Damien: On average, not too many new ones each week. One thing that I found is that sometimes you'll have, especially in the contrib world, somebody will spot...Hey, there's this one situation where this module leaves a security vulnerability open or vector open, and they'll go and check some other modules that have, say, similar functionality or some similar approaches and then they'll, they might discover, say five modules have basically the same bug. But that doesn't happen very often.
Mario: What would you say is the most common security and the Drupal open-source work?

Damien: So the most common one is cross-site scripting, and this is going back to, at least a few years ago, there was an article published on Wiley by Greg Knaddison who wrote the book Cracking Drupal, and he went through and cataloged at all and cross-site scripting was the most common by a good margin where basically the output from a field or some data input was not being properly filtered during display, o that would leave it open for somebody to, say, throw in some JavaScript that would then get executed when the page was viewed. And so that one comes up quite often, and there are some relatively simple means of fixing those bugs. Biggest issue I found is forgetting where in your code something might be filtered already by the time you get it at this one piece.

So sometimes you've got a settings form and it might be available to people who aren't administrators, and you might forget to filter the output because somebody who's an administrator to the site is kind of assumed that they're not going to cause problems for that site. Generally, as a company, employees, don't go bananas and start throwing filing cabinets around. Likewise, they tend not to start throwing in a really bad JavaScript into a site for the purposes of stealing data, et cetera. It's technically possible, I'm sure it has happened, but tends not to happen. So when you're writing code or writing code for a site or for a project, or for a module, you might forget in this one situation, I'm outputting a variable or a configuration object or something and you might forget to filter that one time because when you're testing it, you never try throwing in JavaScript because what silly person would do that? But from the point of view of trying to keep it secure, you need to cover for the situations where somebody might want to do that.

Shrop: If you can execute JavaScript on a site, it's pretty powerful.

Damien: Yes. It's not as bad these days, because Drupal Core and eight and nine don't have the PHP module in core anymore. It was a lot more dangerous when the PHP module was in core because there were so many situations where people inadvertently had that available to all text fields including, say, a comment box for submitting a comment to the webmaster or owners. Yeah.

Shrop: Oh, wow. Yeah, you can think of all kinds of terrible situations that could come with that. Like just reading the settings file in PHP or something. Well switching gears just a bit, because I'm always interested in this and, as you know, in our teams at Mediacurrent, we, we have discussions, we have a security channel in Slack where we discuss when a security advisory comes out, we're always wanting to read it and dissect it as a team and figure out like, all right, what are our next steps for those? Are there mitigations and things like that? I'd love to hear from your standpoint, Damien, in your expertise around this, tell us a bit about those Drupal security advisories and the details they contain. And I mean, just curious about, you know, that coverage for that. I know it's well-documented but there is a lot of information in these advisories, right?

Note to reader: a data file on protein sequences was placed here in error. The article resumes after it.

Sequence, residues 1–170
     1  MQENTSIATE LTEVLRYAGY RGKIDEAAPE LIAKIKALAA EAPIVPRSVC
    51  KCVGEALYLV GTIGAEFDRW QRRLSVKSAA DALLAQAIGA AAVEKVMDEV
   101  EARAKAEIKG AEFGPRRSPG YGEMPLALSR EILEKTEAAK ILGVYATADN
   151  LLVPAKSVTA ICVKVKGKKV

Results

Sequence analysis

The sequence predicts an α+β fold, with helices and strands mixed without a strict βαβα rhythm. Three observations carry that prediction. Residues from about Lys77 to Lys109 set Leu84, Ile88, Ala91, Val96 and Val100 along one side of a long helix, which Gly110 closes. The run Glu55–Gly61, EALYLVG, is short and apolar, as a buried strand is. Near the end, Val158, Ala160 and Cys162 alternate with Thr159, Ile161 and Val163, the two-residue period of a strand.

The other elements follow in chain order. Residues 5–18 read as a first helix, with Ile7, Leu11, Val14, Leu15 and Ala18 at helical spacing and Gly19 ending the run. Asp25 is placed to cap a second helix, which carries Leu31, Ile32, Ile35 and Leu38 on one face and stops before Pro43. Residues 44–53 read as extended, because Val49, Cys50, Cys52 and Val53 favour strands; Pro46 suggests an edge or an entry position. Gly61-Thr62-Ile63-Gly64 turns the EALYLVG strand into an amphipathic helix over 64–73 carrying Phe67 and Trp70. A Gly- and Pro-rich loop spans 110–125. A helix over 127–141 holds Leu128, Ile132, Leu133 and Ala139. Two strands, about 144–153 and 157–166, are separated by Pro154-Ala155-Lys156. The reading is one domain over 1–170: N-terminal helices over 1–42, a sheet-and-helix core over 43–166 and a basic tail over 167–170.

Damien: So there's always a balance between giving enough information and giving too much because you don't want to give people who want to write scripts to attack sites step-by-step instructions on how to do that. You just want to kind of give enough clues that people who are maintaining sites can tell whether or not this is going to affect them right now, and that they need to update right now ahead of anything else they're doing versus, say, it can be just included in the next scheduled deployment.

That could be a week or three from when it comes out. The security advisories will try to give some at least hints on what causes the vulnerability and then, if there are any available, some details on how it can be mitigated. So sometimes it'll be the security problem only happens if you turn off these options or if the person does not have a particular permission. So we'll indicate in the advisory any workarounds that might exist. Oftentimes there won't be obvious workarounds that are feasible, so the only step is to just update the module or theme or whatever it is, or core. We used to do one security advisory per project per week. So per week that there was a security update. So if there were multiple vulnerabilities, they would all be lumped into one security advisory. That policy was changed so that every individual security issue gets its own advisory. And that was to fit with industry standards because Drupal was, I think, just about the only major project still doing it that way.

Shrop: But from my standpoint, it's made it easier for me to comprehend what's going on. I can, you know, read one focus on it. All right. How does that apply mitigations? Are there any, and then you just move on to the next one. And so that's been great from my standpoint.